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  • The Early American Table: Food and Society in the New World
  • Andrew P. Haley
The Early American Table: Food and Society in the New World. By Trudy Eden. DeKalb: Northern Illinois University Press, 2008. 203 pp. $37.00 (cloth).

For Europeans settling in newly "discovered" British North America, the colonies offered vast lands and rich opportunities to experiment with food. The choices that settlers made about what to plant spoke to their aspirations for both a new existence, freed of the conventions of European life, and their eagerness to preserve, even when nature resisted, the traditions of home. How and what colonial Americans ate has received increasing attention from scholars in recent years, and most have concluded, with a touch of patriotic zeal, that ties to the Old World were ultimately not strong enough to keep newly minted Americans from exploiting the culinary opportunities that North America offered. With the publication of The Early American Table, Trudy Eden muddies the water, suggesting that America's revolution in dining was as influenced by new European philosophical ideas about food as it was influenced by first contact, geography, or nascent revolutionary fervor.

To make her case, Eden embarks on two concurrent investigations. Eden's intellectual history of the philosophy of man and food leads us [End Page 751] from ancient Greece to King George's England, spanning thousands of years and the Atlantic Ocean. Simultaneously, her social history of the American colonies seeks to demonstrate the efficacy of these ideas. Eden wants to show that ideas about food that were in wide circulation throughout Europe played a central role in determining how American colonists ate and set the stage for America's revolutionary embrace of abundance. Bringing these two projects together into a coherent argument, however, proves tricky.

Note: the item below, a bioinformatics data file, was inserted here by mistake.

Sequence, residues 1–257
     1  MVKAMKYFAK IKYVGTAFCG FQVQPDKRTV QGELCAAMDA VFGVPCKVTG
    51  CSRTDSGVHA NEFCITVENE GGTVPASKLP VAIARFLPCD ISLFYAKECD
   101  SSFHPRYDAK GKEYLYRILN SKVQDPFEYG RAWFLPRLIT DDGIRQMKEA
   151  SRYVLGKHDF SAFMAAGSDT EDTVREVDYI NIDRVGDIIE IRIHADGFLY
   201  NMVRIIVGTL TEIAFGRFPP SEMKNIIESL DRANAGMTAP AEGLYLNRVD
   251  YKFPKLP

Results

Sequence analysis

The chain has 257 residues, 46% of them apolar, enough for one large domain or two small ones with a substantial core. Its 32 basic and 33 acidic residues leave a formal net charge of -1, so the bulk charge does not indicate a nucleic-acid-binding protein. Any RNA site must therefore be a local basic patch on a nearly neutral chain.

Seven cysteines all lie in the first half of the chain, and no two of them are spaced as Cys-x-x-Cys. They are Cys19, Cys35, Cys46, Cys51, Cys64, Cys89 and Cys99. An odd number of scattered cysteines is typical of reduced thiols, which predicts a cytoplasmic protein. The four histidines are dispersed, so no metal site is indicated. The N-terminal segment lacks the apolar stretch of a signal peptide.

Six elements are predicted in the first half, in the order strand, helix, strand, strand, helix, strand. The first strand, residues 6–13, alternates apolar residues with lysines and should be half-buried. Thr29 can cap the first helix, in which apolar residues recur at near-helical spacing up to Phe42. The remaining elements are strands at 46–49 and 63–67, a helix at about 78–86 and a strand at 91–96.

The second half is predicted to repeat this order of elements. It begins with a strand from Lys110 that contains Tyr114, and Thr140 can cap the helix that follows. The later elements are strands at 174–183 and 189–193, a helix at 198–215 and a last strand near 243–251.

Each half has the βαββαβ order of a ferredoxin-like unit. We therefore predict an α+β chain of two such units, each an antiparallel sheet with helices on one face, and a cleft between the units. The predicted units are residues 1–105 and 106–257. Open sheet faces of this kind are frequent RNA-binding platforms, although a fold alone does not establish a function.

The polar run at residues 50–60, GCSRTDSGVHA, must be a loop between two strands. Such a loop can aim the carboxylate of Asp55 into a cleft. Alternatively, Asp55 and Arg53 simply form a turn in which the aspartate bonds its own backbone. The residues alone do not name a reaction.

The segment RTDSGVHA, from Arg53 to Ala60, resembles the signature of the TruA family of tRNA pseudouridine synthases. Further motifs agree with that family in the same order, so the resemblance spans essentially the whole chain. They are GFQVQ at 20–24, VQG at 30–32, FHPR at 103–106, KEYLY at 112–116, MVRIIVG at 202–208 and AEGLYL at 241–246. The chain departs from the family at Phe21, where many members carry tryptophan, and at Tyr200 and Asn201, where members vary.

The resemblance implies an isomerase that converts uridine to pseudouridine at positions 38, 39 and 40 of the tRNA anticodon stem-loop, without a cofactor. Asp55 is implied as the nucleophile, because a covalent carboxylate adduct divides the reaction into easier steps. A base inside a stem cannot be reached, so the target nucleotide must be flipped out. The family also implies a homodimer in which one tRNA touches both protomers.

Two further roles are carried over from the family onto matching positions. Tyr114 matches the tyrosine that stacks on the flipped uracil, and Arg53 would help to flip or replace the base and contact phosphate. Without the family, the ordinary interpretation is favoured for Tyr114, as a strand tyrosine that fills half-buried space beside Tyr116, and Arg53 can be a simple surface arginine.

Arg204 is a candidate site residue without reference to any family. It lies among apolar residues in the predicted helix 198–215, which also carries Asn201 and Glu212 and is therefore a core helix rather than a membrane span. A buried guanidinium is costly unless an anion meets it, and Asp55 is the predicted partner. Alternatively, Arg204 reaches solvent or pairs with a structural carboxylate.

When the first Europeans arrived in what would become British North America, Eden argues, their diets were governed by a humoral conception of the body in which combinations of heat and moisture, regulated in large part by diet, determined not only health, but also status. Humoral philosophy held that diet consisted of four natural elements, and in the mother country as well as in America, it was widely believed that virtue, economic success, and race were a reflection of what you consumed. Eating like a prince made you a prince; to eat like one of the savage natives of North America was to risk becoming a savage.

The humoral order ruled supreme until the Scientific Revolution, and then, in fits and starts, the idea of the mechanical body displaced it. Increasingly it was understood that the heart was a pump and the stomach a crucible, and that chemistry, rather than temperature and moisture, determined what a person should and should not eat. This new approach to science and health, first widely publicized in the English-language world by George Cheyne in 1724, did not radically alter what the English ate at home or abroad, but it did change what it meant to eat well. The humoral idea had encouraged the belief that eating particular foods produced virtue, a theory that equated moral superiority with wealth, given that a heavy purse was often necessary to secure a diet that could lead to ethical perfection. The mechanical philosophy, in contrast, was more democratic. Everyone had basically the same biology, and almost anyone could achieve some degree of balance between good foods and bad. Diet no longer produced virtue; rather, moral merit was evidenced by the discipline required to maintain a healthy diet.

Eden's extensive research into ideas about diet in English-language philosophical and scientific texts in the seventeenth and eighteenth centuries produces a fascinating study of how the Scientific Revolution changed the meaning of eating. Although Eden's investigation of the mechanical body is cut short by the book's adherence to a political timeline (the book ends with the American Revolution, not the complete acceptance of the mechanical way of thinking about food), Eden's efforts to link scientific transformations to the virtue of attaining [End Page 752] the "golden mean" and eventually to democratization are provocative. However, the book's intellectual history of food is unintentionally undermined by the second...


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